Regardless of the manner that physical layout data is stored and searched, search functions for string representations of a given physical layout name involve four machine executions. One machine execution stores the searching string selected from the stored data in a register. Another machine execution stores the given string in a separate register. A third machine execution compares the strings stored in the two registers and a fourth machine execution puts the results of the comparison in a third register. The execution time used to obtain a search result depends upon the size of the physical layout file or the size of the array or linked list. Complex physical layouts often are stored as large files or array/linked lists that tend to require longer execution times to obtain search results. Over a design process for a complex microelectronic device, the lengthy execution times for searches often cumulate into substantial design delays.
In accordance with the present invention, a method and system are provided which improve search functions of physical layout tools that search a microprocessor device physical layout definition to find a given physical layout name. A name conversion module associated with a physical layout tool search function converts physical layout name string representations into numerical representations to allow the search function to compare numerical instead of string representations. A comparison of a given physical layout name numerical representation with a numerical representation of a searching physical layout name selected from a file, array or linked list uses a single machine execution compared with the multiple machine executions performed with the comparison of string representations. The reduction in machine operations reduces the execution time for physical layout tools to perform search functions. In one embodiment, string representations of physical layout names are converted to numerical representations by using the layer number of a physical layout name as an index to represent a metal string or via string. For instance, a number in a physical layout name is converted from a string value to an integer value and indexed with a metal array or via array. Alternatively, layer names that do not include a number are arbitrarily assigned a unique number that is used to represent the layer name.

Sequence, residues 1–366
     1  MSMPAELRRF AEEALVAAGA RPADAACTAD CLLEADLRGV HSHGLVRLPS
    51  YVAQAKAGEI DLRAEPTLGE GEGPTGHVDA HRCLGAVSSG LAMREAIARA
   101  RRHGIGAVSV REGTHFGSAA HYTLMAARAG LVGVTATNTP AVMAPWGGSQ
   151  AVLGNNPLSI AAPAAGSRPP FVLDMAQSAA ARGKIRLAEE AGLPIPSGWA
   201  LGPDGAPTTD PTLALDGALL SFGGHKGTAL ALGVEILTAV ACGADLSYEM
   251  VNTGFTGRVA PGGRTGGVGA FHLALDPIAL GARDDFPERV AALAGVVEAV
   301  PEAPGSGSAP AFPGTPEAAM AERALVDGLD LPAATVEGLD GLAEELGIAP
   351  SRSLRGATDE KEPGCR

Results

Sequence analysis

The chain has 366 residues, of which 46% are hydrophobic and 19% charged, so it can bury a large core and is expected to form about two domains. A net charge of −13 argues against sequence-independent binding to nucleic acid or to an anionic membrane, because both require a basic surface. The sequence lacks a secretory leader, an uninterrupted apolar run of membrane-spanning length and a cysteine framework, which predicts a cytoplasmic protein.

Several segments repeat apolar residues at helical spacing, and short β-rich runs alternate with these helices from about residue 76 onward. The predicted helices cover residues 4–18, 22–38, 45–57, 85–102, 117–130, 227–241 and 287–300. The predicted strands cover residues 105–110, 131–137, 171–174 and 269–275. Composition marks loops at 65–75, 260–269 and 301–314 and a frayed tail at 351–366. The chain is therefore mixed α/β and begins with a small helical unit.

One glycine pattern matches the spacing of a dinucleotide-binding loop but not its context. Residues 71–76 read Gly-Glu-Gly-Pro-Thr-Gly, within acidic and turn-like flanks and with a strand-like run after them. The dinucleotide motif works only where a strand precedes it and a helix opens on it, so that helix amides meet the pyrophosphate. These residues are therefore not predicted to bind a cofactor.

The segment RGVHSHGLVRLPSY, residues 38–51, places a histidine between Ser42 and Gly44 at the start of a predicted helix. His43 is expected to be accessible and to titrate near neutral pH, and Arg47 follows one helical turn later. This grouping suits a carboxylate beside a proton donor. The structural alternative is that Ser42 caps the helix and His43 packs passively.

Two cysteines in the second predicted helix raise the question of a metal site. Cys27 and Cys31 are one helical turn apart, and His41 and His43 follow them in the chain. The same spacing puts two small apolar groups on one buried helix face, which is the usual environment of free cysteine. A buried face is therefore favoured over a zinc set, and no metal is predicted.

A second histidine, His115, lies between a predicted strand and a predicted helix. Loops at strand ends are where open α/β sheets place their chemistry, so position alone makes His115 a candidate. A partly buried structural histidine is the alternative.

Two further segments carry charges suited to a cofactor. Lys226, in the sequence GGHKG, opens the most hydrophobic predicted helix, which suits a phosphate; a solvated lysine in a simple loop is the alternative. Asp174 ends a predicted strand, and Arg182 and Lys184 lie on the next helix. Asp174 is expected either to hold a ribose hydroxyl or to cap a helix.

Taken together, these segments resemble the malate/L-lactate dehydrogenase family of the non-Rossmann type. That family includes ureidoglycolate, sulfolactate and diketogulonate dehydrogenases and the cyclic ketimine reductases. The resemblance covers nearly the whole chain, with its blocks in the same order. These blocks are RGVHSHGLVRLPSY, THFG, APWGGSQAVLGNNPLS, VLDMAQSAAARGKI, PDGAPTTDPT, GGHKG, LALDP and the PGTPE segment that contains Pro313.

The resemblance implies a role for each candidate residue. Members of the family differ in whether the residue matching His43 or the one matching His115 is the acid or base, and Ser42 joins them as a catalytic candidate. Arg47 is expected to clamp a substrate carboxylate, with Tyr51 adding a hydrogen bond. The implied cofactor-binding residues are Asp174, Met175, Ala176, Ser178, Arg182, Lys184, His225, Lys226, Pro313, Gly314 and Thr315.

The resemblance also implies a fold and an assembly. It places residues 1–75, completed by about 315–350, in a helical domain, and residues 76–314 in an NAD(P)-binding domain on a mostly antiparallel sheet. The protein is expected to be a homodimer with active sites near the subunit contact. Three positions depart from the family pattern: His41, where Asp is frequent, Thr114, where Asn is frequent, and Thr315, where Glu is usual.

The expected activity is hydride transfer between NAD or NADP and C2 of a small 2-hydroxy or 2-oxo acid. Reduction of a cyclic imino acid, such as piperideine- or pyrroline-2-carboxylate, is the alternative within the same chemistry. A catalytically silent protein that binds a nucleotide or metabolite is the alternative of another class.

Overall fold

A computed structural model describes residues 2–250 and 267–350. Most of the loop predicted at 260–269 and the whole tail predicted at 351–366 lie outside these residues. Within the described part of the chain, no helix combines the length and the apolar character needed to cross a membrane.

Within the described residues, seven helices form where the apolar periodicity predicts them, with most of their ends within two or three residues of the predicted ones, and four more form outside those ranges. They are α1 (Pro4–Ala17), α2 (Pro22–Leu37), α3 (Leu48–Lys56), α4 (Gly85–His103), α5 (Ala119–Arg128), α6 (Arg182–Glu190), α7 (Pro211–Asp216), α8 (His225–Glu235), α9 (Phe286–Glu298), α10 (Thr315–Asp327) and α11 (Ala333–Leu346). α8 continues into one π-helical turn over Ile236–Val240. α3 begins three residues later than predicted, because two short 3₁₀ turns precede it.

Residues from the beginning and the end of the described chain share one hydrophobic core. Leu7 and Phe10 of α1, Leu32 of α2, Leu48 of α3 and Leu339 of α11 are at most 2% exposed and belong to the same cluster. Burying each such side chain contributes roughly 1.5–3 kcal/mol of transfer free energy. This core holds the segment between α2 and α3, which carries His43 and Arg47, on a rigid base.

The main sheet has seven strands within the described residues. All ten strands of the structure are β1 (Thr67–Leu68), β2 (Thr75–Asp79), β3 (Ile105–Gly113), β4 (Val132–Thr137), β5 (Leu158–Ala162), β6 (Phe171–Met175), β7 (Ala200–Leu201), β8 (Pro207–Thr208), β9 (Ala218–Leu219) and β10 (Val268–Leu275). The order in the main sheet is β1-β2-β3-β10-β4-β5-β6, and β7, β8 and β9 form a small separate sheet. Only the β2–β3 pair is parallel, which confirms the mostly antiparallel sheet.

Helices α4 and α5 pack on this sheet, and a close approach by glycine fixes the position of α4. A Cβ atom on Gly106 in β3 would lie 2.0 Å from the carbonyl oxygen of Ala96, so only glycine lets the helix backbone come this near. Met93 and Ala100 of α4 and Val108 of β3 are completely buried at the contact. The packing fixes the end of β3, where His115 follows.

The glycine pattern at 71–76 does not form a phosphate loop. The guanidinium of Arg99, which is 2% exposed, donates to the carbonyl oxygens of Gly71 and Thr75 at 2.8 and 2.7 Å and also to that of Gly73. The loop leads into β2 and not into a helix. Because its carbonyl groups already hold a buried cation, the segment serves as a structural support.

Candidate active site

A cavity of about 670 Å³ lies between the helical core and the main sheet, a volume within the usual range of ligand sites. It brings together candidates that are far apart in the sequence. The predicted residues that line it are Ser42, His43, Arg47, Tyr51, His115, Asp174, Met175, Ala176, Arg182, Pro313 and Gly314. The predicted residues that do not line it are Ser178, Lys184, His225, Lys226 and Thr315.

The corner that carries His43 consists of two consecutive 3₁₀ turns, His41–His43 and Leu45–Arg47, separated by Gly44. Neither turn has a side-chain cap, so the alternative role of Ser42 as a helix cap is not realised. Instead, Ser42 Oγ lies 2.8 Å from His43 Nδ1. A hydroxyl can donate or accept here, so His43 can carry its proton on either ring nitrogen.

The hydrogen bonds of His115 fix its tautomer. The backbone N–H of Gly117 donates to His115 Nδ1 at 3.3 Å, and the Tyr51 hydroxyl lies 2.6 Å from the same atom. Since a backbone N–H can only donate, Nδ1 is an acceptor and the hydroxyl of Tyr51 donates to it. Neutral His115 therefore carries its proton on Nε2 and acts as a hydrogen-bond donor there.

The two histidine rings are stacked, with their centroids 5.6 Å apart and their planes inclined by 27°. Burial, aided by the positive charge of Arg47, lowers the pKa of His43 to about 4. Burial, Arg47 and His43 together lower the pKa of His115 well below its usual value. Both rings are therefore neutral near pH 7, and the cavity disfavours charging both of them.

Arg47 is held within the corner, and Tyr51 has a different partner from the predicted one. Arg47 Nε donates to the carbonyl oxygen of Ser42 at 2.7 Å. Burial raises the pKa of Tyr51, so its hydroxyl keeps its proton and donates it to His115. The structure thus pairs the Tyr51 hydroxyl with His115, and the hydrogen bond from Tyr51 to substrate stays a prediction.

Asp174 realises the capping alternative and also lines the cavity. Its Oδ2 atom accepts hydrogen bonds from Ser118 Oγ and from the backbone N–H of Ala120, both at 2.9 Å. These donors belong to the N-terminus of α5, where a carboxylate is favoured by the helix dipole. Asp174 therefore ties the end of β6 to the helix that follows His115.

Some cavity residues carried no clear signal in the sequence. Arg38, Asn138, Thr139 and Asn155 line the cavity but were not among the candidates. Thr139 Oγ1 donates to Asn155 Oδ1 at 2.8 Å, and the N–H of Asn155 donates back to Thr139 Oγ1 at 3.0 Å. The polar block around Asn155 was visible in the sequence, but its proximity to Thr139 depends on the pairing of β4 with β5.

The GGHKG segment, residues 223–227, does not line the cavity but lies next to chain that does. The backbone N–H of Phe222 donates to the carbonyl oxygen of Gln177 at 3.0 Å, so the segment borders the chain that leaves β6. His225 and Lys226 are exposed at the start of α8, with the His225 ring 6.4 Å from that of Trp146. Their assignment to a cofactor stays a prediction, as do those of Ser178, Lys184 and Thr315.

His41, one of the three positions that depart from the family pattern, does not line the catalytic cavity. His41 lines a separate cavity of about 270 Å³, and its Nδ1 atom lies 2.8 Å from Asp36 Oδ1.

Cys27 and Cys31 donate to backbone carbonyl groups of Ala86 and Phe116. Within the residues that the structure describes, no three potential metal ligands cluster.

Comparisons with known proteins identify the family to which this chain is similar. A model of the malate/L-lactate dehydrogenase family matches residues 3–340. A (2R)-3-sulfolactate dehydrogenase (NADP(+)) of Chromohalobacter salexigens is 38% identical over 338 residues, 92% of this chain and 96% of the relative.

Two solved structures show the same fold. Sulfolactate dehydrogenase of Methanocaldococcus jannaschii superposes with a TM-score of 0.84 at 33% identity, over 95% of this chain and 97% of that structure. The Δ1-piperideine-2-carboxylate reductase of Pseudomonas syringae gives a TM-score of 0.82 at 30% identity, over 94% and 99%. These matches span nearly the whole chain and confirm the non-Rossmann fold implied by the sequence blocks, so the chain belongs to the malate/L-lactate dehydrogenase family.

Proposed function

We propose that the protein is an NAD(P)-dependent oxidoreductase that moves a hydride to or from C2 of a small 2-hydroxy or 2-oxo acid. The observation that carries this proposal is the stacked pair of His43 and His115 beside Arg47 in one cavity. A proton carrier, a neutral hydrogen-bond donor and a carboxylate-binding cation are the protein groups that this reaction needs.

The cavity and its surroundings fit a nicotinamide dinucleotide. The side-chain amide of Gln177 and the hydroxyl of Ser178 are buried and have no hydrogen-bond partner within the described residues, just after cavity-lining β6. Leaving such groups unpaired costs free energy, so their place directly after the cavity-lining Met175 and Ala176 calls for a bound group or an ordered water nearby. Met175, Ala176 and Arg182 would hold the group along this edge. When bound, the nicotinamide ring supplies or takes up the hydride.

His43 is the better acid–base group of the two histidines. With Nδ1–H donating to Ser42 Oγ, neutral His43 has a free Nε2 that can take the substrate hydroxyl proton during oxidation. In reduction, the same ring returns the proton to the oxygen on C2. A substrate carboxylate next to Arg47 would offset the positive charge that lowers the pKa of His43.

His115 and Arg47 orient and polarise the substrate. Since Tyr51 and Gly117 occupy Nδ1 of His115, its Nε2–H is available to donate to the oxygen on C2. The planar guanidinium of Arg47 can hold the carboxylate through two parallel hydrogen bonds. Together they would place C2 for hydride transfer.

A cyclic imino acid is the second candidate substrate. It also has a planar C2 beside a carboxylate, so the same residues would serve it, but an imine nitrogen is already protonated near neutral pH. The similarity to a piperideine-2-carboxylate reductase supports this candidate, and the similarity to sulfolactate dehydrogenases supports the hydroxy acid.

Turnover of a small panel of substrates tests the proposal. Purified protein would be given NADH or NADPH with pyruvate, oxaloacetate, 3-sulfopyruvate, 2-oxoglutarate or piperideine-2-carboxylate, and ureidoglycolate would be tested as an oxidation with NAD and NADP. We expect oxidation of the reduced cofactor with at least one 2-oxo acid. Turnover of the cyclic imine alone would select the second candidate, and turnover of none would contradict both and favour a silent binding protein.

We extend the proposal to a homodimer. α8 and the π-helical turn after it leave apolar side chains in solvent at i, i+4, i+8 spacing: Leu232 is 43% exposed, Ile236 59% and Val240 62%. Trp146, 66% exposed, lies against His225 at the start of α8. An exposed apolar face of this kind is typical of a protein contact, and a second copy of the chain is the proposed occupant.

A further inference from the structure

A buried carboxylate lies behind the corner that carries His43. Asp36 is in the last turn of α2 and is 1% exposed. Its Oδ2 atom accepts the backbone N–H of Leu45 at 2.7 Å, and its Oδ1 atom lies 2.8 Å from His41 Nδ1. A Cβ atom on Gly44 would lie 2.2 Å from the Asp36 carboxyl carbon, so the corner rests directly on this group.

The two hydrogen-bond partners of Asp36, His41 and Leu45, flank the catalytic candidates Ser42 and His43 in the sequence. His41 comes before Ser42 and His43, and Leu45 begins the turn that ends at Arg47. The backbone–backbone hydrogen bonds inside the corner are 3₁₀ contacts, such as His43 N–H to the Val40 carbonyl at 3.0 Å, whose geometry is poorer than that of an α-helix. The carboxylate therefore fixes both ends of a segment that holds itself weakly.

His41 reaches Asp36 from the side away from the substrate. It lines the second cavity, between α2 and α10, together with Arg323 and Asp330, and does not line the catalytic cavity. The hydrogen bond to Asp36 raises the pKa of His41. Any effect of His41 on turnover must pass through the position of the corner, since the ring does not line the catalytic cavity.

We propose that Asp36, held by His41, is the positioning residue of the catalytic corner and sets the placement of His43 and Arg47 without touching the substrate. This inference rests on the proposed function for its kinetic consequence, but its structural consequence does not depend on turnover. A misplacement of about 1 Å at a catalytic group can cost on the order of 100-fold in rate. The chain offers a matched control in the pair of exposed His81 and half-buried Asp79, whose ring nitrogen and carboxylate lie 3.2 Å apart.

The present invention may be better understood, and its numerous objects, features and advantages made apparent to those skilled in the art by referencing the accompanying drawings. The use of the same reference number throughout the several figures designates a like or similar element.
FIG. 1A depicts a side cutaway view of a microelectronic device having plural metal and via layers;
FIG. 1B depicts a top view of a metal layer over a via layer;
FIG. 2 depicts a block diagram of a system for converting string representations of physical layout names to numerical representations; and
FIG. 3 depicts a flow diagram of a process for converting string representations of physical layout names to numerical representations.
The present invention improves physical layout tool searching functions that search for physical layout names by taking advantage of greater speeds available in the performance of number comparisons versus string comparisons. Physical layout names are converted from string representations to number representations. Number representations are compared to determine a match with a single machine execution versus the four executions generally required to perform a comparison of string representations. The reduced execution time for number comparisons of physical layout names provides results for physical layout tool search functions in reduced time, resulting in substantial reductions in design time for complex microelectronic devices. FIGS. 1A and 1B depict side cutaway and top views respectively of a simplified example of a microelectronic device. Metal layers M1 and M2 communicate signals across the device and via layers V1 and V2 communicate signals between metal layers. For instance, signals transverse across metal wire lines and through vias to perform logical operations through the contact layer.